shape and size. Alas, the exception again is the 45mm gun barrel, part N9, which
remains uncorrected; the second "step" back from the muzzle is 2.5mm too short
at its rear end, towards the mantelet.
Detail is very petite for an Eastern European kit, and the rivet details are
very well done indeed. Since this is a "flat kit" – all parts are essentially
flat other than the turret sides and the bow – unlike the one-piece bodied armor
cars, all rivets are in place and you don't have to add any to the basic kit.
The fenders have raised ejection pin marks on the bottom sides, but are
reasonably thin and the marks are easily removed.
EE wisely included "link and length" tracks, something other manufacturers
should think about more often. Tracks are thin and petite with strengthening
ribs molded in place, and look to be dead on the money. (Note to "heavy track"
fans: these were very thin and light, as they were designed for high speed over
open country and the vehicle was expected to run on wheels on the highway.)
The only major complaint most modelers will have is that the rear grille cover
(part D24) is molded solid, and that no vanes for the radiator efflux are
included in the kit. The exhaust pipes (parts B10) have the curved section
coming up from the muffler (parts B9) but fit flush with the hull roof (through
the grille one could see where they curved down to the header pipes, as the tank
had no muffler). The tank has the later large air cleaner (part D33) which would
indicate this tank may have been built in early 1937.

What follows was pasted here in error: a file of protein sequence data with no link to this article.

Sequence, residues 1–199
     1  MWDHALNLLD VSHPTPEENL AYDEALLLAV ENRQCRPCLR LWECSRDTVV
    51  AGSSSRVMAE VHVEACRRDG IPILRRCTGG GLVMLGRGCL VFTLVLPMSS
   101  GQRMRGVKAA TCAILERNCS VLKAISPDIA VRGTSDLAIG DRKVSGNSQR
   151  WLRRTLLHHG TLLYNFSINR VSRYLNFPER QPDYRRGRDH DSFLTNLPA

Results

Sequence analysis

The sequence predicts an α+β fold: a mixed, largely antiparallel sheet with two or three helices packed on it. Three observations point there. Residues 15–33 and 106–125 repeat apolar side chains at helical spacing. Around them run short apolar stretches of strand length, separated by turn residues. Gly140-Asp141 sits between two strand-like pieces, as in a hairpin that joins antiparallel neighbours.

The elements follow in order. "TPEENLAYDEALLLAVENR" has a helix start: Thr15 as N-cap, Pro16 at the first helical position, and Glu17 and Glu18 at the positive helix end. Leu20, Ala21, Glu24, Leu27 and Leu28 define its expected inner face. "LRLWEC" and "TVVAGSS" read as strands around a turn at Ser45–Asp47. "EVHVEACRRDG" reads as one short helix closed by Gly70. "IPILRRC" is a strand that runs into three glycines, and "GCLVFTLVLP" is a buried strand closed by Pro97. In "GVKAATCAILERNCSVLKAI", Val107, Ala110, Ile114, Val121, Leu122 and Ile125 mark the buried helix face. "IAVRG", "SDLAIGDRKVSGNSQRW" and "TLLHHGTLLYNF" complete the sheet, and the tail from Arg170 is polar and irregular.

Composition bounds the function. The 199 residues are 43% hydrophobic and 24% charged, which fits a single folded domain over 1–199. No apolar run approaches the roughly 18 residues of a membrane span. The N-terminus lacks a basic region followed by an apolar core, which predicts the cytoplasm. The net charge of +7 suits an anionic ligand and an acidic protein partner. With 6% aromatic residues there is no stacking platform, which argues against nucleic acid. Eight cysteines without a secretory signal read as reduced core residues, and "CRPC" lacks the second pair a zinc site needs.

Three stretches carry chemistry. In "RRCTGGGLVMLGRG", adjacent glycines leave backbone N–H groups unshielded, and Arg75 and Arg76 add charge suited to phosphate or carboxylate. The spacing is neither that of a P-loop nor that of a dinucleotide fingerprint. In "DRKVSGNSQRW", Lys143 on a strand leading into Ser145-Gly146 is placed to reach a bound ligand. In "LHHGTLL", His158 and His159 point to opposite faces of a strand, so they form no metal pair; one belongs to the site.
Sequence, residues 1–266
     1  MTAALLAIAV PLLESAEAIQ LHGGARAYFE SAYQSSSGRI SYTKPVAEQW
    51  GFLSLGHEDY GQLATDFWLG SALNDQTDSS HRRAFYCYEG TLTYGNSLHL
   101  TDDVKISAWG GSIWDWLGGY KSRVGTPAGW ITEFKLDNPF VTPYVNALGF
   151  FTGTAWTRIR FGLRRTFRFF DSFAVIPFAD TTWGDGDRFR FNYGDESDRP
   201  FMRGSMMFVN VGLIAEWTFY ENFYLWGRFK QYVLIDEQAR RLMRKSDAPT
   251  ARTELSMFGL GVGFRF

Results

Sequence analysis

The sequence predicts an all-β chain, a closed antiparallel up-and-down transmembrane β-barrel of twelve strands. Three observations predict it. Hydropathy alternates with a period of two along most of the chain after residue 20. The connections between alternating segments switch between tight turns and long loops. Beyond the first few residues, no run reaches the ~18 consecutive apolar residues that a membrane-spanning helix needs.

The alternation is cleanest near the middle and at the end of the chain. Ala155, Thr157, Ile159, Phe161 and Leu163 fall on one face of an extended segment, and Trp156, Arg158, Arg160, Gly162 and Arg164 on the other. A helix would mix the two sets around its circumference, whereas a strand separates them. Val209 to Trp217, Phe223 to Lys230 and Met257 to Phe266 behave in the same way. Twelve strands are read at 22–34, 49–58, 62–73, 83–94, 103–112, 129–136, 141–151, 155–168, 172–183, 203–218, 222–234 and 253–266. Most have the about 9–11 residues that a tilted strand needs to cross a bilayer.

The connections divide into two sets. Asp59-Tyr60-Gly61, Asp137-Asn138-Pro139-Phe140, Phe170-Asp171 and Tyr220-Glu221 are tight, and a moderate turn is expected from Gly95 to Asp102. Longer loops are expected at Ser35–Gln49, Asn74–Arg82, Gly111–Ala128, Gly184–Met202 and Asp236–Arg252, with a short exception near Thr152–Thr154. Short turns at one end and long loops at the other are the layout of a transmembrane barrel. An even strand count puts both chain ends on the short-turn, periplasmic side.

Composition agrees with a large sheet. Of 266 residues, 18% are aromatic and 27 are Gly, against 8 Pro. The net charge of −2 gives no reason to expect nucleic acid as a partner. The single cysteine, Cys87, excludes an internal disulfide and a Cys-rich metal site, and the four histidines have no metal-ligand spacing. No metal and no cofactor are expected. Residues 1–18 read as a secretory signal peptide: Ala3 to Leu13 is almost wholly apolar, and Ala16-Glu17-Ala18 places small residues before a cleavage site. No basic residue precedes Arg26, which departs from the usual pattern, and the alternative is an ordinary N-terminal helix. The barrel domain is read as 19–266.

One problem I found with the building of the earlier Model 1935 – and that this
model will share – is that of "magic" front road wheels. They attach to the
front suspension arms by the retainer cap (part B33) but there is not enough of
a tang to hold them in place; I punched out some 0.040" disks from styrene and
used those to hold the wheels in place after letting them set up in place. This
isn't very difficult to fix, but it is annoying.
Also once again, Eastern Express provides a nice sheet of decals, but no clues
as to where to use them or color schemes! I think decals are for five vehicles,
but without the paint schemes that is only a guess. One is Finnish, but Eastern
Express cleverly got past the Council of Europe ban on swastikas by making them
in two seemingly disjointed halves which can be connected on the sides of the
turret to form the Finnish version. The others are a number 722 with red stars
(probably Soviet Protective Green overall), number 52 with red stars (ditto),
one named "SOLDAT" (soldier), and various circle and square tactical markings.
It's kind of bizarre that EE would make a kit this nice and then slough it off
without any marking instructions!
I recommend replacing the kit tracks with a set of Fruilmodel ones as they are
flexible, and getting track to fit on these paired-link Soviet tanks is a pain
as there is a Murphy's law corollary that you will always come up with an odd
number of links. The Fruil tracks can be tedious to assemble, but it beats
having to wiggle and cut track links to fit after getting the model nearly
Overall this is again a good kit of an important tank, and Eastern Express gave
it a good effort which can be made into an outstanding model with a bit of work.
Review Copyright © 2002 by Cookie
Page Created 29 September, 2002
Last updated 22 July, 2003